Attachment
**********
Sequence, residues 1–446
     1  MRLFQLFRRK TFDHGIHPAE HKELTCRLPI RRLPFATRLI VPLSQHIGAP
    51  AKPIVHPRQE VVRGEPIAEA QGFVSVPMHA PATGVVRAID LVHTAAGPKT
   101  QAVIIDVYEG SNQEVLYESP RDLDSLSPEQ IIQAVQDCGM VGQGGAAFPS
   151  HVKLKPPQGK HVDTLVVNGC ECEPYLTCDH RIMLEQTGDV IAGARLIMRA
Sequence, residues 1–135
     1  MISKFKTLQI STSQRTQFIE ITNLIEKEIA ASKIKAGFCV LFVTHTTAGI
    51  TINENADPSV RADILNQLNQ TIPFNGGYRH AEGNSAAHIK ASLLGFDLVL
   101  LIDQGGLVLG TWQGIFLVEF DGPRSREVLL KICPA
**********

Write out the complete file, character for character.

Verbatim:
Sequence, residues 1–446
     1  MRLFQLFRRK TFDHGIHPAE HKELTCRLPI RRLPFATRLI VPLSQHIGAP
    51  AKPIVHPRQE VVRGEPIAEA QGFVSVPMHA PATGVVRAID LVHTAAGPKT
   101  QAVIIDVYEG SNQEVLYESP RDLDSLSPEQ IIQAVQDCGM VGQGGAAFPS
   151  HVKLKPPQGK HVDTLVVNGC ECEPYLTCDH RIMLEQTGDV IAGARLIMRA
Sequence, residues 1–135
     1  MISKFKTLQI STSQRTQFIE ITNLIEKEIA ASKIKAGFCV LFVTHTTAGI
    51  TINENADPSV RADILNQLNQ TIPFNGGYRH AEGNSAAHIK ASLLGFDLVL
   101  LIDQGGLVLG TWQGIFLVEF DGPRSREVLL KICPA